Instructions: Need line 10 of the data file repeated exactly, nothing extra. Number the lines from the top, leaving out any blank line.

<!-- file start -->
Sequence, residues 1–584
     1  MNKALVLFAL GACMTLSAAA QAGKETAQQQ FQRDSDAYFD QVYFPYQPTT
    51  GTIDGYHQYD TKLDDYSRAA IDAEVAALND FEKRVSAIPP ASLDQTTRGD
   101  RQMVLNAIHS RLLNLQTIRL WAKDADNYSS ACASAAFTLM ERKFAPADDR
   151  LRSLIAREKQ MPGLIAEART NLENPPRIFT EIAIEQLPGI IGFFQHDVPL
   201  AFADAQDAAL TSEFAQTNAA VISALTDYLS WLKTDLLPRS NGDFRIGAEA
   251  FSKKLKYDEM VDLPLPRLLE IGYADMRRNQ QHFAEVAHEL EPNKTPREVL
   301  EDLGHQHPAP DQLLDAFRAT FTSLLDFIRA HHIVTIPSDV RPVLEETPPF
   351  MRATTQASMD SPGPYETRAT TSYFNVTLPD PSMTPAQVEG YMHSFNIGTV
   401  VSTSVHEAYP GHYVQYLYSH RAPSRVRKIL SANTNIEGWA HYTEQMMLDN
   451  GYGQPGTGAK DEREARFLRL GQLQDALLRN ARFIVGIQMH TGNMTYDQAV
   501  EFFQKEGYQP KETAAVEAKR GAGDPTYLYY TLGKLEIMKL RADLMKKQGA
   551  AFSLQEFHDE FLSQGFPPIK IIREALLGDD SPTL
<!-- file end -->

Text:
   401  VSTSVHEAYP GHYVQYLYSH RAPSRVRKIL SANTNIEGWA HYTEQMMLDN